Course Review: Integrating Medical Acupuncture in the Treatment of Low Back Pain

course1Last weekend on Saturday the 7th of November 2015 I had the pleasure of delivering the third in a regional series focussing on the integration of medical acupuncture in the treatment of low back pain. I suppose I should not have been surprised how quickly the course filled given how challenging low back pain can be to treat. We are all looking for those added skills which might make the difference between a successful or unsuccessful course of treatment.

We began with a clinical overview in which I tried to tie together emerging approaches in the management of this very prevalent and challenging condition. I proposed a ‘functional mechanisms based model’ which could be used as the basis for assessment, clinical reasoning and treatment. Given the medical acupuncture approach is very neurophysiological mechanisms based, if we can asses and reason in this manner and apply our understanding of acupuncture mechanisms when planning and applying treatment, we may be more effective. I was inspired and influenced by the work of Prof. Peter O’Sullivan, David Butler, Gray Cook, Mike Cummings, Paul Hodges and others when compiling this presentation.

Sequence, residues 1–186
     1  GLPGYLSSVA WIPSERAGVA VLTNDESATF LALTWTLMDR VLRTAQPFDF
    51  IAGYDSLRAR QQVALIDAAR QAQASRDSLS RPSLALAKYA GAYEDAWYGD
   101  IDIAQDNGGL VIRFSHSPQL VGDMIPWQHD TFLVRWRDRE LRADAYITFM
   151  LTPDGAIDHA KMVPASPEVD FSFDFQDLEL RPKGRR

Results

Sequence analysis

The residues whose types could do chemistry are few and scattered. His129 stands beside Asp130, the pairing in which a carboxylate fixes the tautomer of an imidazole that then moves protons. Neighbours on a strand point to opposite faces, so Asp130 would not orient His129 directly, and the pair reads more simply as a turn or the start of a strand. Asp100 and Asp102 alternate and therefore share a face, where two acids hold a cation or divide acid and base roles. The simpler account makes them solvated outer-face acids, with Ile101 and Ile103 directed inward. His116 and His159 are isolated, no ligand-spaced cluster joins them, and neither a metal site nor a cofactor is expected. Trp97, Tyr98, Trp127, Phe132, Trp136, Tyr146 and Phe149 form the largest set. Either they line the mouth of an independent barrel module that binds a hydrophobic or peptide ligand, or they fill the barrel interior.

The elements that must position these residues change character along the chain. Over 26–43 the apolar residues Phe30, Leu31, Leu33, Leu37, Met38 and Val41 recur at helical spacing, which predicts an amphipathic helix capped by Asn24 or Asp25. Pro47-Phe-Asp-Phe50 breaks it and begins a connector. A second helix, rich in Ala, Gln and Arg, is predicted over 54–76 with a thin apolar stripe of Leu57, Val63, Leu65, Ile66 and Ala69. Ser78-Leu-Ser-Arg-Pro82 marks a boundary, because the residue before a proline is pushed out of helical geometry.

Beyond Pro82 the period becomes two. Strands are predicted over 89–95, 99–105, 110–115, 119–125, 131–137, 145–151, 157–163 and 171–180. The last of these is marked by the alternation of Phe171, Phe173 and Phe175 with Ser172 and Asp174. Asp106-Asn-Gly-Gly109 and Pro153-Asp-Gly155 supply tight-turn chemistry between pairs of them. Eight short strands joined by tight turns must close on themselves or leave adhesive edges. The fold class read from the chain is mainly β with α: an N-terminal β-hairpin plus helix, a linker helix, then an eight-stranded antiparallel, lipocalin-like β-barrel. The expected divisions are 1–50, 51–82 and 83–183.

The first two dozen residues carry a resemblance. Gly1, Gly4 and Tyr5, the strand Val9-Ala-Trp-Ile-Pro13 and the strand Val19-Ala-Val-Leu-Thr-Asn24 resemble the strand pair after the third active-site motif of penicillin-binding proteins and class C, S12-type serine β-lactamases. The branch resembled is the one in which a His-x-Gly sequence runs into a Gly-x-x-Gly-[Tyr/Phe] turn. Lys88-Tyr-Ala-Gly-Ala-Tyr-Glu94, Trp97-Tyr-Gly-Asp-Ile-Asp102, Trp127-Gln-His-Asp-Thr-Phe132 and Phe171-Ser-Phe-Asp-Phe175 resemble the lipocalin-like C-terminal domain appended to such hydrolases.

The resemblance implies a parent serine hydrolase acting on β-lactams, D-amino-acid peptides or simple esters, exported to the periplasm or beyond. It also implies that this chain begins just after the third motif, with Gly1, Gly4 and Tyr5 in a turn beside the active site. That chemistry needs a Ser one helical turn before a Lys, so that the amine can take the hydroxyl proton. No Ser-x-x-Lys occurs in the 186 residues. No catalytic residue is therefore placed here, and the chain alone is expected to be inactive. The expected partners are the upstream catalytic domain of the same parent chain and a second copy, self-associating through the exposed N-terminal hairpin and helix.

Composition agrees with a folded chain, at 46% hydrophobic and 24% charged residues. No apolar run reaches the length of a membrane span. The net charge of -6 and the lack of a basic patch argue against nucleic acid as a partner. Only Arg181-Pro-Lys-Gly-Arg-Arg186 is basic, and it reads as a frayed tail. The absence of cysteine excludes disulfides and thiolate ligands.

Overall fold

course2Following an overview of the current evidence for medical acupuncture in the treatment of low back pain we went on to a discussion and demonstration of how one could assess the low back in a manner which is time efficient, functional and provides an understanding of to what extent the problem may be specific or non-specific, mechanical or non-mechanical, peripherally or centrally driven as well as key functional issues, movement impairments, and the role of psychosocial factors.

Based on the assessment findings, the day became very practical as attendees learnt to use medical acupuncture techniques tailored to the individual presentation. There was plenty of emphasis on identifying and treating myofascial trigger points should they be present. Attendees also learnt how to use local, segmental, extra segmental and central regulatory points to influence the physiological status of the patient with an aim to facilitate exercise, cognitive re framing and lifestyle changes as may be required. How to use manual therapy alongside these techniques when appropriate was also discussed and demonstrated.

course3We needled nine points/muscles in all including some more challenging ones such as quadratus lumborum, psoas major, and the multifidi. The use of electroacupuncture and the Pointer Excell 11 for trigger point deactivation was demonstrated and all attendees were able to experiment with these devices.

The day flew by and after another coffee break and some tasty carrot cake, we finished up the points practicals and then an end of day review rounded up what we all agreed was a very successful day of learning. I plan to run the course again in the new year such was the demand for places, so keep an eye on the website for dates.

Feedback from course attendees can be viewed here...

By Simon.

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